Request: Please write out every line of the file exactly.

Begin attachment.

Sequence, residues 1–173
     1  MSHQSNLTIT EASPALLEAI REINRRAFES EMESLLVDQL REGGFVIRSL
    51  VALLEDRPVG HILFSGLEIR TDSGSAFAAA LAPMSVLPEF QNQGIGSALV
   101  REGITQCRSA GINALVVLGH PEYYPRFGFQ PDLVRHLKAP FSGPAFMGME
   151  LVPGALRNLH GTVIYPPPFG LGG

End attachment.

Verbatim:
Sequence, residues 1–173
     1  MSHQSNLTIT EASPALLEAI REINRRAFES EMESLLVDQL REGGFVIRSL
    51  VALLEDRPVG HILFSGLEIR TDSGSAFAAA LAPMSVLPEF QNQGIGSALV
   101  REGITQCRSA GINALVVLGH PEYYPRFGFQ PDLVRHLKAP FSGPAFMGME
   151  LVPGALRNLH GTVIYPPPFG LGG